2. The CEO must constantly work on self improvement and regularly take the time to reflect. After graduating from Wharton where some of my fellow graduates felt they had received the best business education in the world (and it was indeed quite good), I felt that my business education was just beginning. I had founded Coremetrics during my last semester and was now in the real, raw world of being an entrepreneur. I chose to read hundreds of leadership and management books in my first two years post Wharton to help me in my journey - given me the opportunity to apply what I read every day. I believe that books are read by leaders and magazines and newspapers are read by followers. This doesn't mean I never read a magazine or newspaper but keeping up with the 24/7 news cycle doesn't improve yourself like a book does. A book causes you to think more deeply because decades or centuries of knowledge are nicely summarized. The CEO should also constantly seek out mentors. The reason I gave this talk is both because of how much First Round Capital did for me at Bazaarvoice but also because "to teach is to learn" (a mantra I live by in my own practice of reflection). And I am the product of many mentors, and I have found that if you reach out to people fearlessly they will often respond to help you. This is deep in our DNA since 1776 as the U.S. is a country with 1/4th of the world's GDP and almost all of that wealth was self-created. When you reach out to successful people in the U.S., they may see some of their previous struggles and ambition in you and remember that they too were helped by mentors to become successful. I believe the U.S. is very unique in this way. Debra and I recently went to Israel for the first time and we found it to be very similar - because of similar circumstances for how the (modern-day) country came into being post World War II. Like the new Americans, the new Israelis had virtually no equipment to fight for their independence, especially right after the Holocaust. The CEO should also leverage a CEO coach, much like I leveraged Kirk Dando, who is now a very close friend. This was later reinforced by Scott Cook, the founder of Intuit who also spoke at the CEO Summit, when he said one of his biggest mistakes was not using a CEO coach for the first 23 years of his career. For our IPO at Bazaarvoice, I leveraged three additional coaches - one to help with Earnings Calls, one to help with investor Q&A, and one to teach me how to present to investors on the roadshow. I also talked about the importance of vacation in taking the time to reflect on what you have learned. I took 5-6 weeks of vacations every year at Bazaarvoice and I believe this made it a better company. Sometimes these vacations would give me the clarity of mind to let go of an executive that I had been holding on to for too long (perhaps due to loyalty even though they had scaled out). Sometimes these vacations made me sharper on strategy. Sometimes these vacations helped me focus our company more. It is easy to get defocused as a young company.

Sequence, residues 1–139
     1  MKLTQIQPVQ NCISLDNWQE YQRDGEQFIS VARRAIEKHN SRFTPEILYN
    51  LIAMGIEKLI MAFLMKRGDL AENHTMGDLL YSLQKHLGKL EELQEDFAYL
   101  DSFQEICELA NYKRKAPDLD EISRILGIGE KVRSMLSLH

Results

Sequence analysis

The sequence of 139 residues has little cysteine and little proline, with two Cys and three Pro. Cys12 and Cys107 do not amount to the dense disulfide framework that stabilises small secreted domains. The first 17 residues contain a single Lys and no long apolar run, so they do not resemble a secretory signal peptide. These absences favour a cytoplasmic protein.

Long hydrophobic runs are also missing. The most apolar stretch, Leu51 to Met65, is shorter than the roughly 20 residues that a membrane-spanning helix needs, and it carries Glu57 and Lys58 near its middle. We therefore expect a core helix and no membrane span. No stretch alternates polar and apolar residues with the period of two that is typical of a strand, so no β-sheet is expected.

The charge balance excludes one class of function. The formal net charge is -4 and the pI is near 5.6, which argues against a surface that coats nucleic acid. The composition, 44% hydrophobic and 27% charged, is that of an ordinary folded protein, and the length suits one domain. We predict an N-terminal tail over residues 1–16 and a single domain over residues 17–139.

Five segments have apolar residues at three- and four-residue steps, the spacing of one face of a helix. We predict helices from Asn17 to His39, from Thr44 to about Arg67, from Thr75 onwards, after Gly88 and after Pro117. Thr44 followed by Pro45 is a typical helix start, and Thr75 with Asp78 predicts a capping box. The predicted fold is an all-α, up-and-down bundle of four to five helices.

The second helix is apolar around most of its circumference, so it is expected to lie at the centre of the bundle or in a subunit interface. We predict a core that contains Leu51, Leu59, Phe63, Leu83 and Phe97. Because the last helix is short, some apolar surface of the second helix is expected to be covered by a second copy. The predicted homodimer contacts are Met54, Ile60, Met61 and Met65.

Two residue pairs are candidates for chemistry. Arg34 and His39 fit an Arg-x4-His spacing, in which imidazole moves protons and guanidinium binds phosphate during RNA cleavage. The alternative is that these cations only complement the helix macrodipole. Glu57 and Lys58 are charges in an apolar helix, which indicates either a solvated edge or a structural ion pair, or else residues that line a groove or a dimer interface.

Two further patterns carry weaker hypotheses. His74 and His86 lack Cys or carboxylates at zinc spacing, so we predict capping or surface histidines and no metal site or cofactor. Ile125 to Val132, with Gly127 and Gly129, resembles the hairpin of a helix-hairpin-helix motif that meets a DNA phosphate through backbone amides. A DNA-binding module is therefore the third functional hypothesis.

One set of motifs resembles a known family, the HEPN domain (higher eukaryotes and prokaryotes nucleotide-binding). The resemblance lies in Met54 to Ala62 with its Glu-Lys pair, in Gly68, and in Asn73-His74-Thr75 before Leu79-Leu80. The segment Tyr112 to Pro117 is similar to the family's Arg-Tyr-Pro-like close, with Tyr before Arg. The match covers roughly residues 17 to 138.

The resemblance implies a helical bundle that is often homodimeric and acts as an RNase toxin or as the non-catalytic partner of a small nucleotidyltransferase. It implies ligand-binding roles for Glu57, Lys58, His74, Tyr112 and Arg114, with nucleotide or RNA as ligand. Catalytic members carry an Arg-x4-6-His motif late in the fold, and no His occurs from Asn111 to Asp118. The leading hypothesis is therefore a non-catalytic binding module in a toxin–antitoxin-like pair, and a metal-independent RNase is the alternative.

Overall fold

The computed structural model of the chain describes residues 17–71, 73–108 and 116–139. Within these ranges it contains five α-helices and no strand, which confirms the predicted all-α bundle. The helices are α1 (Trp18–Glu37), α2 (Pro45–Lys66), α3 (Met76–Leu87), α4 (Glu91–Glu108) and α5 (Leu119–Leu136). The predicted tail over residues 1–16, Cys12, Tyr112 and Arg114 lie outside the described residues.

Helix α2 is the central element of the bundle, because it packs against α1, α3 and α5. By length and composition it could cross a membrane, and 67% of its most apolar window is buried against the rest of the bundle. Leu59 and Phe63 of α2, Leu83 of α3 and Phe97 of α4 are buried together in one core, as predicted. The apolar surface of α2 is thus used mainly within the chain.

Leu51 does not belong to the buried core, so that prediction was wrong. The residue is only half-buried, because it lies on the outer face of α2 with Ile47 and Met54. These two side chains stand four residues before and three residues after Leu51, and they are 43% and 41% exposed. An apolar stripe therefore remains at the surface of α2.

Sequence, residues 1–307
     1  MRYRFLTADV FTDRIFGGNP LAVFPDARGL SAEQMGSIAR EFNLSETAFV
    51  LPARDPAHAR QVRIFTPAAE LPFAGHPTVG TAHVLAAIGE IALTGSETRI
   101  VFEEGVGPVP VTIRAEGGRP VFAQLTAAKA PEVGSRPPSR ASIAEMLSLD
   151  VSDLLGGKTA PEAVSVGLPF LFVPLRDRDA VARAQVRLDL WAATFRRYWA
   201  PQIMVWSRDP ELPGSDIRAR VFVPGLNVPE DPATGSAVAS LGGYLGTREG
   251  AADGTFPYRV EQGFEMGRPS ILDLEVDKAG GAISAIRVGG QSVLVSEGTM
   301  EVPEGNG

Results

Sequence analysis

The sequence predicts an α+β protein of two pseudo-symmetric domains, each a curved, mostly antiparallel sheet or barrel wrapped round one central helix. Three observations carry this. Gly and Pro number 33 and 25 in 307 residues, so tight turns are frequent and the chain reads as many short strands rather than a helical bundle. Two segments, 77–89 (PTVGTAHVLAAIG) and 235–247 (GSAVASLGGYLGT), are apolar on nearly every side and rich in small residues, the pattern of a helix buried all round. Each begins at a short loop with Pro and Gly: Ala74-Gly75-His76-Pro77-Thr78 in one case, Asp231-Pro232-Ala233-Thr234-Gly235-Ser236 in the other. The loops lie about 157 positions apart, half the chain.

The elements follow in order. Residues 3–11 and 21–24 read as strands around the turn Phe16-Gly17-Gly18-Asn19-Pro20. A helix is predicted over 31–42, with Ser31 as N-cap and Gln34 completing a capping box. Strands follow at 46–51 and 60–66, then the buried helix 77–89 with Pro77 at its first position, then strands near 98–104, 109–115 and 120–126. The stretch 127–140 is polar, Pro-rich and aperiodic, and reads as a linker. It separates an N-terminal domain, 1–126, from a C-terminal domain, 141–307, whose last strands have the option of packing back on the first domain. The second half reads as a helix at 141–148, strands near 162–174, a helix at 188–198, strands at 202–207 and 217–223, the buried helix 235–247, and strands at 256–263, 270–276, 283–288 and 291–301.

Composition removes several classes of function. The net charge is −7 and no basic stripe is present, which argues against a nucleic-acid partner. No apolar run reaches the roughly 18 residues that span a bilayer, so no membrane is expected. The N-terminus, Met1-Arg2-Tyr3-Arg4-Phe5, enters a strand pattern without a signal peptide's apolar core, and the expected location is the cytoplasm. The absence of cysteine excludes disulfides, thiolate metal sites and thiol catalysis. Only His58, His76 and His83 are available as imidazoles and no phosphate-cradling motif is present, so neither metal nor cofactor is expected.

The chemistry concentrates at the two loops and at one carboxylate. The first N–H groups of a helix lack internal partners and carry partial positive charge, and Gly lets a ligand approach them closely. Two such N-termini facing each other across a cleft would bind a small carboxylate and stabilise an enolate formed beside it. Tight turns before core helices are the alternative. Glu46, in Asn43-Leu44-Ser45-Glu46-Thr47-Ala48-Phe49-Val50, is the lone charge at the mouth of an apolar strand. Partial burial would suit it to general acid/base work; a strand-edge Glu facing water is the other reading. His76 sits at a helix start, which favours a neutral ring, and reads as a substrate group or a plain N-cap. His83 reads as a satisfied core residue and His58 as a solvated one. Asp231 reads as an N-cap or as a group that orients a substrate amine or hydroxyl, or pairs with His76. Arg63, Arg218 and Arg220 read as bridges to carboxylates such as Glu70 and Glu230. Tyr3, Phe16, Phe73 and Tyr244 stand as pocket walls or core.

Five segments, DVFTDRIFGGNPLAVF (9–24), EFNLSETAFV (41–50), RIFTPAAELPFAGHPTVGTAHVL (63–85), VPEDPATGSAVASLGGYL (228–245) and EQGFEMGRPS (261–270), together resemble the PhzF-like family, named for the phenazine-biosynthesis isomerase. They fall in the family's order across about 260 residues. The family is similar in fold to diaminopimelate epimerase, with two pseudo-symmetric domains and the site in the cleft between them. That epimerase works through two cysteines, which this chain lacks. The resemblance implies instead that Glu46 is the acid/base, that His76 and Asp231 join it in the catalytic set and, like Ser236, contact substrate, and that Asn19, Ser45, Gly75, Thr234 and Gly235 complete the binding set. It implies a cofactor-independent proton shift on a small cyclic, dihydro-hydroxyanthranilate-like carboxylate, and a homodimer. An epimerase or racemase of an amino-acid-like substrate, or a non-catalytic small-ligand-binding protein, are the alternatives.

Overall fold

3. The CEO should own the long-term vision of the company. The CEO should carry this torch and light the fires with everyone - investors, employees, clients, and partners. This will create tremendous energy - both for the CEO and everyone else. The CEO also decides when to sell the company or keep growing. This is aligned with the long-term vision. How bright is the future? Is it real or a mirage? What kind of impact do you want to make? As I mentioned in this Lucky7 post, we could have sold Bazaarvoice for $25 million after our first year in business. Instead, we chose to go long because our long-term vision was too attractive to sell at such a price and we built a company that had a much bigger impact as a result.
  4. The CEO should always treat recruiting as a top-three priority. This includes upgrading your team. For example, I hired three CFOs in six years. This isn't easy and again reflecting on vacation helped with this. As CEO, you will be defined by those that you choose to report to you. If there is dysfunction at the top, there will be a huge ripple effect throughout the company, causing dysfunction at the bottom. At Bazaarvoice, we relied on a rigorous recruiting process that mostly served us well (no recruiting process is perfect). I referenced this in detail at the CEO Summit, and instead of repeat it here I'll refer you to this Lucky7 post where I discuss our unique recruiting process in great detail. People are the raw material of your culture - and ultimately that means your performance. Rapid growth brings out the best - or worst - in people. It causes everyone to stretch and the pace is hard to keep up with. I have found those with the wisdom that I mention in #2 above scale the longest. Recruiting your Board should especially be a focus. It is much harder to fire a Board member if you have made a mistake. Don't get starstruck by pedigree. Spend the time to really get to know them and check their references.